Finalised ACT bus routes for 2019 have been released today, showing that the number 3 route will no longer travel through campus. No changes were made to the ANU section of the proposed routes after public consultation, though Transport Canberra highlighted the loss of the route to ANU students as a concern.
Transport Canberra released a report last Thursday on the feedback it had received about the changes, and its response. The report showed that a pop-up feedback session was held at the ANU on August 9, but only 30 people were spoken to, and only 3 pieces of feedback were recorded. ANU was not given a stakeholder meeting, unlike ADFA and high schools such as Merici College. The online survey ‘YourSay’ received 4,000 responses overall, with 84% of respondents expressing some level of concern over one or more of the changes. One online response said, “(r)emoving the bus coming down Daley Road (Acton) cuts off literally thousands of students from adequate public transport – putting us almost a kilometre from the nearest stop.” Overall, the new routes will increase the frequency of buses, but decrease the number of stops, meaning that while people have to travel further to get a bus, the buses will come more often.
The report stated that “a common theme” in the responses from tertiary students was the loss of the local routes, and the walking distance to new stops, which “generated a significant amount of opposition”. Transport Canberra noted responses from students with disabilities, who note the changes will “make it difficult… to access classes”. Despite this feedback, the routes surrounding ANU campus did not change from the proposed draft map released in June this year.
Vice Chancellor Brian Schmidt and Pro Vice Chancellor (Student Experience) Richard Baker were asked about the proposed changes at the recent ‘Pizza with Brian’. Schmidt stated that “we are still evolving our disability access plan in a way that meets the community needs”, but asked if a bus was really the “best way to deal with the issue”. Baker said consulted widely with students “and [his] mother, who was very upset”, and noted that the bus goes directly past the Canberra Hospital, where ANU Medical Students undergo clinical teaching. He stated that he wrote a strongly worded letter to the ACT Government regarding the changes.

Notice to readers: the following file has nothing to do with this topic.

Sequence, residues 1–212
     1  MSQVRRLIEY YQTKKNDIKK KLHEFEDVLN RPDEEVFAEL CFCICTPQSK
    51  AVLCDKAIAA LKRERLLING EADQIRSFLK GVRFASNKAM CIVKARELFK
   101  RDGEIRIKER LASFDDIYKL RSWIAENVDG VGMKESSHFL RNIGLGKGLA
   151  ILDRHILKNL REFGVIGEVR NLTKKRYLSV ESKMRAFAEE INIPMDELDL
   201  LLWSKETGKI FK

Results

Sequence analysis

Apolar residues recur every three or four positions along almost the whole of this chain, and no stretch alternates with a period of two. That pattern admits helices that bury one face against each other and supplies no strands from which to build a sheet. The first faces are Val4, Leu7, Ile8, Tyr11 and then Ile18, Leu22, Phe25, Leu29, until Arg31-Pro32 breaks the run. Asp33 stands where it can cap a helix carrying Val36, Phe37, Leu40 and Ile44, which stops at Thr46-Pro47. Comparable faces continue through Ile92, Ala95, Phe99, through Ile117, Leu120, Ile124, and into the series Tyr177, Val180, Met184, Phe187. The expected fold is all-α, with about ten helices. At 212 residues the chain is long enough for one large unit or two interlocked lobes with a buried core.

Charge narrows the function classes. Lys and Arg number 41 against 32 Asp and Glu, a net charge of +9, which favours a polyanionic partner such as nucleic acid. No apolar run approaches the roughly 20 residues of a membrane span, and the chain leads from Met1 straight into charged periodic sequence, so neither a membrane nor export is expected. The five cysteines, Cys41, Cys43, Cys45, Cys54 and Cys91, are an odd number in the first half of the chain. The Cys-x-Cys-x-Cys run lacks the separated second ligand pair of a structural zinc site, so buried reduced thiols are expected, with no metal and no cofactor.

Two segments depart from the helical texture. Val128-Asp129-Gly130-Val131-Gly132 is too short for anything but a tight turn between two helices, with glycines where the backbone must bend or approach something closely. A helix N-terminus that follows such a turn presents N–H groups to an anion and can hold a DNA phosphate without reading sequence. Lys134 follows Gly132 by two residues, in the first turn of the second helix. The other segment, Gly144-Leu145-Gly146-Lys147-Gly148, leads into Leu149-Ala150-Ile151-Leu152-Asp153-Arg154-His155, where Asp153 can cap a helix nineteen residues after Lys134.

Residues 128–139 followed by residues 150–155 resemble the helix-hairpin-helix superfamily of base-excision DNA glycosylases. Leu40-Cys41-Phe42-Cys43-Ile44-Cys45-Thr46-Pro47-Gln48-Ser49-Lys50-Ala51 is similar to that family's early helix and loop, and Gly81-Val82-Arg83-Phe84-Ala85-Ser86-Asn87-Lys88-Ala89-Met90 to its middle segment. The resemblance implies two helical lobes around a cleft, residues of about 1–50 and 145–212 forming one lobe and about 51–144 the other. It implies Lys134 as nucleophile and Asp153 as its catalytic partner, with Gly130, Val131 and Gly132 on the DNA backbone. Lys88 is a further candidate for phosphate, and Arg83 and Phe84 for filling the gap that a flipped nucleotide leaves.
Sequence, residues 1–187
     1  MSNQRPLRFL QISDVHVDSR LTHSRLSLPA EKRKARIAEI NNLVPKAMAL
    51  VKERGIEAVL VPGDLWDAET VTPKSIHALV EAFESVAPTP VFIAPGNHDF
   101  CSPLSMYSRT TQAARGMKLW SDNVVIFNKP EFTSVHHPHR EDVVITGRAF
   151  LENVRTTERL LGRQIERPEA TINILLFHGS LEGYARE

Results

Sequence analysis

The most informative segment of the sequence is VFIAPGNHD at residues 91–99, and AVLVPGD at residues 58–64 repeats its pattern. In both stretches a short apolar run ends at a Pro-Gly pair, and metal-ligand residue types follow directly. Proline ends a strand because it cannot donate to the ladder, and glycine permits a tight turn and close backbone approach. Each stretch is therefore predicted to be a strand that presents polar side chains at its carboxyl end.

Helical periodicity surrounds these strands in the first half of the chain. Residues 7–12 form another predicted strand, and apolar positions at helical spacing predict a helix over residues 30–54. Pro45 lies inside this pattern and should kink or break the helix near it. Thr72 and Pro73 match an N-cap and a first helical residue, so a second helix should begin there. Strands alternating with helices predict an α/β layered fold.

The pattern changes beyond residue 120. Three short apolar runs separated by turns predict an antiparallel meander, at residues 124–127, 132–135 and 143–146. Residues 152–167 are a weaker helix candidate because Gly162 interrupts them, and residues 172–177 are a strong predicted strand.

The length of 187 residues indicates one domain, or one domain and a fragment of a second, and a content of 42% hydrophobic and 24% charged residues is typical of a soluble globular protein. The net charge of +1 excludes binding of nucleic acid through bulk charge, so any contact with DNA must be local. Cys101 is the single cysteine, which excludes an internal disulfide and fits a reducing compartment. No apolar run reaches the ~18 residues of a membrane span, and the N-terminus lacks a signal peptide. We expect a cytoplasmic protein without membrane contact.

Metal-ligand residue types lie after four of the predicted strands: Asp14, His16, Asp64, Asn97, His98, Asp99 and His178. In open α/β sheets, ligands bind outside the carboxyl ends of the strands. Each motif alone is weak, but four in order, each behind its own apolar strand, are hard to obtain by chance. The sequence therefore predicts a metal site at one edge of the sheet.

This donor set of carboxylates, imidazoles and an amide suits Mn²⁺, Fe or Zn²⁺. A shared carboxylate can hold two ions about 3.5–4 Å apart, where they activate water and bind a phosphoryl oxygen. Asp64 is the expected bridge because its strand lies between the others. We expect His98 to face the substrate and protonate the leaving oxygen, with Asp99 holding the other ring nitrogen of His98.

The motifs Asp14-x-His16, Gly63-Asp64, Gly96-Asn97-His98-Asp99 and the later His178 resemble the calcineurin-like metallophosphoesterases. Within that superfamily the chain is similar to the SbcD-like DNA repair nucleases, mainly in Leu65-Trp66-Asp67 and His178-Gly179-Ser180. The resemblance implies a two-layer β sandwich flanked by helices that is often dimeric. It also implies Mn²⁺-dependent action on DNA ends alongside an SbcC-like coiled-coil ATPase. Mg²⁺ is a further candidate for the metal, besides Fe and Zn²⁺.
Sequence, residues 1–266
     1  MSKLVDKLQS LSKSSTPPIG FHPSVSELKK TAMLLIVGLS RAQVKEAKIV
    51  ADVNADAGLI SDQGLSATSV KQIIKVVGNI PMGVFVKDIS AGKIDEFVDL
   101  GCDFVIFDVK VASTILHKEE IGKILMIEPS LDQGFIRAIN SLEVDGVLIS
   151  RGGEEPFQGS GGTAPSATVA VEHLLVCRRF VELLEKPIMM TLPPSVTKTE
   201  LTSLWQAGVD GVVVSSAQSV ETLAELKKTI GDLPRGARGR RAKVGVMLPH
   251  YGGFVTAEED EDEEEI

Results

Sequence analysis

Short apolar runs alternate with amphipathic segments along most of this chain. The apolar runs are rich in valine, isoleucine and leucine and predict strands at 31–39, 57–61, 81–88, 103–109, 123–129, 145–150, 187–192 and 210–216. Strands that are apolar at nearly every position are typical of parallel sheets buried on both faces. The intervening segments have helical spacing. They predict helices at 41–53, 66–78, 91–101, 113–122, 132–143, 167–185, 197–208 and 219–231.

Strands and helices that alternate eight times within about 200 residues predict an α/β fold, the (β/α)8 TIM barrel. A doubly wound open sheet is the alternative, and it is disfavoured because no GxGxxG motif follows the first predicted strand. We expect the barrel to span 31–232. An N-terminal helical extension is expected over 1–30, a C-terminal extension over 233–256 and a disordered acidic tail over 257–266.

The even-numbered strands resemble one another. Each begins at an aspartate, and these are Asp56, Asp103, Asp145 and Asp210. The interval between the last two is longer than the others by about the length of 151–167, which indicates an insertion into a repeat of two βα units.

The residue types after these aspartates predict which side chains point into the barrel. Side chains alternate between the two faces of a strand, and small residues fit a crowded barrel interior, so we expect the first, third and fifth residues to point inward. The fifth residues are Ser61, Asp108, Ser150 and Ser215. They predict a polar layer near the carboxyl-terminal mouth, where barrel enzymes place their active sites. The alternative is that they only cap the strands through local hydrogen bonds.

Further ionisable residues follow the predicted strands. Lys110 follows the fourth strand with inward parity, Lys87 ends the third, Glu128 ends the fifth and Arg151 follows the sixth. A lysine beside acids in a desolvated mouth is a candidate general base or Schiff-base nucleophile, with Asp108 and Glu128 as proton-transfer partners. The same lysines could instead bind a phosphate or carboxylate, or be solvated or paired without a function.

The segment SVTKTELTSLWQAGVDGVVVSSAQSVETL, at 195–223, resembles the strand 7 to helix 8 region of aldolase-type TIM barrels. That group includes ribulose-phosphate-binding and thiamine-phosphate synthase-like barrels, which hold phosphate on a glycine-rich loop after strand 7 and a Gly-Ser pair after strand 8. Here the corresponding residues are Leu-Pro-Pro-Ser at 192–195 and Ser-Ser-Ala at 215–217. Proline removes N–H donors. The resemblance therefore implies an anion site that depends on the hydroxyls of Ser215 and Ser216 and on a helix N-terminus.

A spokesperson for Transport Minister Meegan Fitzharris, told the Canberra Times that MyWay card users will be offered “a month of free travel” and more coverage will exist for local shops in the Inner North. There will be buses every 15 minutes between 7am and 7pm Monday to Friday on the 10 Rapid Routes, and Sunday and Public Holiday services will be extended to 10pm.
Shadow Minister for Transport Candice Burch told Observer in July that “The Labor-Greens Government’s proposed changes to the bus network will have a serious negative impact on ANU students”. Burch said that “public transport journeys for all ANU students are likely to be longer, and more likely to require waiting and transferring at interchanges.” She stated that “ both of these factors will not only affect convenience, but will have consequential negative effects on personal safety”, citing safety concerns raised to her office by “several female students who are concerned about their safety walking at night”.
According to Transport Canberra, the changes will see quicker trip times and more direct routes, reducing duplication of services and “longer and less direct routes through suburban areas”. The new network will commence operation in January, 2019, shortly after the Light Rail begins.
Transport ACT did not respond to our request for comment by the time of publication. ANUSA Education Officer, Harry Needham, did not respond to our request for comment by the time of publication. ACT Transport Minister Meegan Fitzharris did not respond to our request in June for comment on the proposed changes.
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